In my book, The Elements of Business Writing (Pearson Education), I have a section on “Misused and Troublesome Words.” Among the most troublesome pairs of words in English are which and that. Most people use them interchangeably, but each has its special place in communication.
I wrote, “Ideally, that is used with a restrictive clause – a clause absolutely necessary to the meaning of the sentence (e.g., This is the project that will launch your career.)
“Which is used with a nonrestrictive clause – a clause that is parenthetic and is not necessary to the meaning of the sentence (e.g., The executive committee, which is made up of vice-presidents, has not discussed the problem.).”
A clause is simply a group of words containing a subject and a verb.
Another writer illustrates the difference between “which” and “that” by giving us four sentences in which the adjective clause has been bracketed:
- Our house [that has a door and green shutters] needs painting.
- Our house, which has a red door and green shutters], needs painting.
- The classrooms [that were painted over the summer] are bright and cheerful.
- The classrooms, [which were painted over the summer], are bright and cheerful.
In all four cases, the adjective clause tells us something about either the house or the classrooms, but the choice of which or that changes the way we should read each sentence.
For example, in the first sentence, the use of that suggests we own more than one house and therefore must explain to you that we are talking about a particular house of ours – the one with the red door and green shutters. We cannot leave out the adjective clause because it is essential to your understanding of the sentence, that is, you wouldn’t know which one of our houses needs the paint job without the adjective clause.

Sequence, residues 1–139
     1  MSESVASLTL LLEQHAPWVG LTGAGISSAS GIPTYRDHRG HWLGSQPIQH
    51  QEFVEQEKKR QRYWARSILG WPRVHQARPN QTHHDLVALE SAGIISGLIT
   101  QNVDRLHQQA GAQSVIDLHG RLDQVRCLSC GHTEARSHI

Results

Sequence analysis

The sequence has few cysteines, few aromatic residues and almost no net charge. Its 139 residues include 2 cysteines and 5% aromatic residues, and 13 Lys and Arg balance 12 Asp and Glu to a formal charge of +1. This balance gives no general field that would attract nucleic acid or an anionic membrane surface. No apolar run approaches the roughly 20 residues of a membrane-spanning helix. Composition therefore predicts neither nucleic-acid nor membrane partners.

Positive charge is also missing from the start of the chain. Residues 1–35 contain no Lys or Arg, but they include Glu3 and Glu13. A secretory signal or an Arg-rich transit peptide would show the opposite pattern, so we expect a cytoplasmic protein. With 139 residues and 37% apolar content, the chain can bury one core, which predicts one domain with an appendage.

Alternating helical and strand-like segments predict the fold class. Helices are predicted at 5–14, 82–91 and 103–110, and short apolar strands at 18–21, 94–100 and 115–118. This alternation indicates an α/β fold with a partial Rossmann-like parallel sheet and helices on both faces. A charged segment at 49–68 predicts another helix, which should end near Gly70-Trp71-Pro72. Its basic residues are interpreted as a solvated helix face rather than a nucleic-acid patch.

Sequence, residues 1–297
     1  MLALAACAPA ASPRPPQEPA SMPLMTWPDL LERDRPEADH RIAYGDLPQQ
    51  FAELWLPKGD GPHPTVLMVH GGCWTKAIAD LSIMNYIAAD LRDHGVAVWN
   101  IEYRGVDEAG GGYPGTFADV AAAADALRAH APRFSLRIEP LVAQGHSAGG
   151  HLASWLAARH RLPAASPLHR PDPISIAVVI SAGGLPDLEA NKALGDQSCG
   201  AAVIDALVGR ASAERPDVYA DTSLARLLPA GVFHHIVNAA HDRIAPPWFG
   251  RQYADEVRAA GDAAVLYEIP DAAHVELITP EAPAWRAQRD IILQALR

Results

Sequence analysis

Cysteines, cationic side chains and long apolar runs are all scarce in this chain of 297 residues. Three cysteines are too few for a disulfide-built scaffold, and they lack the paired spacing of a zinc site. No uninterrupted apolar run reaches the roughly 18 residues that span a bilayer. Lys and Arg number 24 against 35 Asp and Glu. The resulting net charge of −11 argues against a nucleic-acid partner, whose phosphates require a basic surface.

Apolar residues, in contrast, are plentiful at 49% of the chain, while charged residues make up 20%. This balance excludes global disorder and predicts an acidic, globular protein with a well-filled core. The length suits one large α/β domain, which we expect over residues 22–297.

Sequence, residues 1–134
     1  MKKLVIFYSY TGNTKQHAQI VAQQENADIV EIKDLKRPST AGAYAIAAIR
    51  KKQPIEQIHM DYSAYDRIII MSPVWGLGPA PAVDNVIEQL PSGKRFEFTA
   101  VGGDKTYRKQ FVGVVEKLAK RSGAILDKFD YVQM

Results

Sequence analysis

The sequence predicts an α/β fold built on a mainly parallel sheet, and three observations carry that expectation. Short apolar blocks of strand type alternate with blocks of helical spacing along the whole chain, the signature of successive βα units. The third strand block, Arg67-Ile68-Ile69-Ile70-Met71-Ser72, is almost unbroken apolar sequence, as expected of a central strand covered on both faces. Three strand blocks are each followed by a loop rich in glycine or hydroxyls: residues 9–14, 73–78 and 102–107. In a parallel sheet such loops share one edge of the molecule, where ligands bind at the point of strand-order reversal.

The which clause in the fourth sentence is called a nonessential – or nonrestrictive clause. Since that sentence intends to tell us that ALL the classrooms were painted, the information in the adjective clause is not essential. the sentence would be clear even if the clause were omitted.
It’s my guess that about 70 percent of the time we use which we really ought to use the restrictive that. For example:
“The pen, which I gave you, is broken.”
Or, did you mean to specify: “The pen that I gave you is broken.” The word that, once again, specifies that only the pen that I gave you is broken.
By now, you can see that in the majority of cases, the word that can be left out without harming the sentence: “The pen I gave you is broken.” Without that, the idea still comes across: The [particular] pen I gave you is broken.
Many teachers refer to a clause starting with “which” as a “which clause” and should signal that the words following which may add some interesting information, but are not essential to the meaning of the sentence. To test out if you need that instead of which, read your sentence aloud and insert the phrase “the particular one” before that [ The (particular) lawsuit that was tried in South Carolina has national implications regarding the wording of reservations of rights letters. Clearly, in this case, the writer is specifying that ONLY the lawsuit tried in South Carolina is being discussed.
NOTE: This column was suggested by a reader of Claims Journal. I hope you will send me an e-mail at firstname.lastname@example.org if there is a particular writing issue that has been disputed at your own workplace.
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